An organisation will be able to create an account with AtRoom. The account registered with AtRoom will be created with an email address associated with the organisation, and a password. The account will have the organisation's billing information associated with it to pay AtRoom's monthly fees.
Users of AtRoom can create an account to view maps that are not accessible to the general public i.e., maps belonging to a private organisation. Users who expect to use AtRoom consistently can sign up using an email associated with the organisation and a password. Guests to an organisation can also access the organisation's private maps: This can be done via a QR code provided to them by the organisation. Users trying to access a public map, i.e., a map associated with a library, university etc., will not require an account to view the map, and can access it through a link provided by the organisation.
AtRoom can accept floor plan images in an accepted format (e.g., jpg, png, pdf) which can then be converted into an in-house designed structure for graph representation. Once organisations have uploaded a suitable floor plan and gathered the appropriate geographical data, the website will provide a responsive "drag-and-drop" type feature that enables the organisation to fine-tune the geographical representation of the requested building on a map. While many organisations may only have one building, they wish to be represented on AtRoom, the website will allow organisations to upload geographical data and images for multiple buildings.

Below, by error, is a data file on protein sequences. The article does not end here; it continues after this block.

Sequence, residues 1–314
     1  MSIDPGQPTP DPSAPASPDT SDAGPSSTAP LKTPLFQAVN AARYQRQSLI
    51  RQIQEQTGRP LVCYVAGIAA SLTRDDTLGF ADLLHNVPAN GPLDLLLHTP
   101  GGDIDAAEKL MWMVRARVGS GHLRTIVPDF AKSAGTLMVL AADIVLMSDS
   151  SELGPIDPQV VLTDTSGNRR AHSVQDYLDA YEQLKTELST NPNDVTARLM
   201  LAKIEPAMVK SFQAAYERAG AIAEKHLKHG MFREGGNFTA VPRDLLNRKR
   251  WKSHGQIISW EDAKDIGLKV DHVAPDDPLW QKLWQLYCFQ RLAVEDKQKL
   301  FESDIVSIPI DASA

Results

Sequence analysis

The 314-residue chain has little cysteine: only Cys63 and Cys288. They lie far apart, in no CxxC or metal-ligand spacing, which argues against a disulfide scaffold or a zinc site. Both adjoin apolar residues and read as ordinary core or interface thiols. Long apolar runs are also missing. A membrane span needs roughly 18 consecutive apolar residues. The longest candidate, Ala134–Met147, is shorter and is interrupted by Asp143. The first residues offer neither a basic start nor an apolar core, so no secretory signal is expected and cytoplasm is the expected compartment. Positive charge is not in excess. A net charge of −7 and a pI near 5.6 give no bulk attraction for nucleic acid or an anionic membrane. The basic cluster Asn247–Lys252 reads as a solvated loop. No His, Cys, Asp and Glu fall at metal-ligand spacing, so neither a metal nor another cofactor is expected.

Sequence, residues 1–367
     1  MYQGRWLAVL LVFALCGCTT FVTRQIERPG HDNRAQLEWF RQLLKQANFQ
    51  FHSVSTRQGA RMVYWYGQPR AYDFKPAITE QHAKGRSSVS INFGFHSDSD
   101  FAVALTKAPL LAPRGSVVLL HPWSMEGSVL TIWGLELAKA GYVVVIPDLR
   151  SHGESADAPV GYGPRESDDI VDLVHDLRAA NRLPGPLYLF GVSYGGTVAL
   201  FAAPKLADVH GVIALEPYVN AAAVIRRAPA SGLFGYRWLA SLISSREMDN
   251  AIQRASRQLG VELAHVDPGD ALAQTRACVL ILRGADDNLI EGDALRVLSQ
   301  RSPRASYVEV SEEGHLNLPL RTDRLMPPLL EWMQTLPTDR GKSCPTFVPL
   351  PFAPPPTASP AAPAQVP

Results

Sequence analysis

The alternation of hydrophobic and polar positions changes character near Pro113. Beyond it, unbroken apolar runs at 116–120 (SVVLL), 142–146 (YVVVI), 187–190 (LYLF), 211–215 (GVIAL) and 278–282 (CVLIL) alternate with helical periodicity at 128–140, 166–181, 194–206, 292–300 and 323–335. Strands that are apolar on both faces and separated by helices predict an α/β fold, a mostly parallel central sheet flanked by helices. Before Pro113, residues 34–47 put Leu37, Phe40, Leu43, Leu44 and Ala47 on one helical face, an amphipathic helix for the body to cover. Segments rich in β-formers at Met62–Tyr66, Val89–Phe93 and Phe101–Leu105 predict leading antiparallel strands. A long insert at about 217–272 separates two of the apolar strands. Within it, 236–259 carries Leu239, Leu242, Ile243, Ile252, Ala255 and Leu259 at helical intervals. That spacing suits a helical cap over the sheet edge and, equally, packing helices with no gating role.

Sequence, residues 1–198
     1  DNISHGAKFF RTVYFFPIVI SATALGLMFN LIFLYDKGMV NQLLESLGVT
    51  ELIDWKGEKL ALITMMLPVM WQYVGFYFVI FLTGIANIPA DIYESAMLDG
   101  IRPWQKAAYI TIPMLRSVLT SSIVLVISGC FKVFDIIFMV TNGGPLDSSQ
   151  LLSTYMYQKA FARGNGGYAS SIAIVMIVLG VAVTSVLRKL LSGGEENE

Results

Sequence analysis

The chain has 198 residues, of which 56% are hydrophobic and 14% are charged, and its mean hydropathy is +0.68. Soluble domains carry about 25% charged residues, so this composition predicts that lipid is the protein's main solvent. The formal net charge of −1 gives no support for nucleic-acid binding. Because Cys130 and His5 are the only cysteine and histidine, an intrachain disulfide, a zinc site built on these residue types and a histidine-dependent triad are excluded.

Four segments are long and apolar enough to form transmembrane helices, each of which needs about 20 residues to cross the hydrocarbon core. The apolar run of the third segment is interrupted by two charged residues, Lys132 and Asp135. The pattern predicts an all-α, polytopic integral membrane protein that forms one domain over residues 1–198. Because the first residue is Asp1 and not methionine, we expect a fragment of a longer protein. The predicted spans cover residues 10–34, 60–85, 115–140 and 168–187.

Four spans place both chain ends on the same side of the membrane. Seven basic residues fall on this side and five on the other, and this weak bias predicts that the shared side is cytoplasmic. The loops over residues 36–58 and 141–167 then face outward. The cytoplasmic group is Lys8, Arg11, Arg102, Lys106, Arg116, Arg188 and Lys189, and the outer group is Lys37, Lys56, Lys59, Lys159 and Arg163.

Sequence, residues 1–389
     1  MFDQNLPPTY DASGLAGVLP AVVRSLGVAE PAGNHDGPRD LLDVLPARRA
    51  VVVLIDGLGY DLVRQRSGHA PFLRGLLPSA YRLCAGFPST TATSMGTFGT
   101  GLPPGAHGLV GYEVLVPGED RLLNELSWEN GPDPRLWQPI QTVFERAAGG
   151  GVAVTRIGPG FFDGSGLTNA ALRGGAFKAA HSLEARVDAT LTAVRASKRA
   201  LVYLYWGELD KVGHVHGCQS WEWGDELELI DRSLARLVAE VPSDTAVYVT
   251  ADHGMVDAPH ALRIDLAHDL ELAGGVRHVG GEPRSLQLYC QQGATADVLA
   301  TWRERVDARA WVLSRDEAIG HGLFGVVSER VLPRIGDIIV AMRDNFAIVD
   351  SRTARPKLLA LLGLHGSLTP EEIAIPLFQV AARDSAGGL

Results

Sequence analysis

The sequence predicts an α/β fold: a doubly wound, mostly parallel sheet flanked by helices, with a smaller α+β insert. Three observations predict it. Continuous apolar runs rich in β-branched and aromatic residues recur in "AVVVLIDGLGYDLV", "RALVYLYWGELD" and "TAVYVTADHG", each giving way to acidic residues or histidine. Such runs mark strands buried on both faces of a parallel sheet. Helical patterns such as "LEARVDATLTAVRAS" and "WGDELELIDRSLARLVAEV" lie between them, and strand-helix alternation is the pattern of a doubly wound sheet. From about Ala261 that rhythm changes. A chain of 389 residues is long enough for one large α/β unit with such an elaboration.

Furthermore, it is the organisation's responsibility to provide timely and accurate information about the internal structure and layout of their buildings. In the context of AtRoom, this requires organisations to manually edit the automatically generated graph nodes corresponding to rooms, doors, staircases etc., and confirm the correctness of these. Only once these steps have been completed can AtRoom generate paths requested by end-users.
End users of AtRoom expect to be directed from one location to another in the same building, possibly spanning multiple floors. After a path to the target location has been identified, the website will display the path generated on a visual map, provide step-by-step instructions on how to reach the target location, and provide the users with the ability to revisit steps if necessary. Additionally, the website will cater to the accessibility requirements of all end-users by allowing them to declare any accessibility requirements and options. An example of this would be a wheelchair user requesting that staircases or tiered hallways are not included in the paths generated for them.
AtRoom utilises machine learning to automatically generate maps from the floorplans uploaded by organisations. Due to the nature of machine learning, issues with the automatically generated maps are to be expected from time-to-time: Machine learning can have detection issues and fail to accurately detect structures such as doors and walls. Unfortunately, machine learning cannot label the rooms for the user and there is no way to know if a room that has been detected is disability friendly, a computer room, a lift, etc. If the organisation is not satisfied with the automatically generated map, they can also create the map themselves on AtRoom using their floor plan as a base. Pathfinding with AtRoom is handled by algorithms we have implemented, allowing users to find a location in a building using the fastest path possible from their starting point to their target location. However, the number of nodes on a floor plan may affect the algorithm's performance: if a map contains tens of thousands of nodes the algorithm may take time to process it which may result in a slightly decreased performance when generating a route from node to node. AtRoom is also not responsible for updating the map if changes need to be made, e.g., if a lift breaks down or if a toilet is temporarily out of order. This applies to any other issue that may cause users to be directed on a path that is unusable.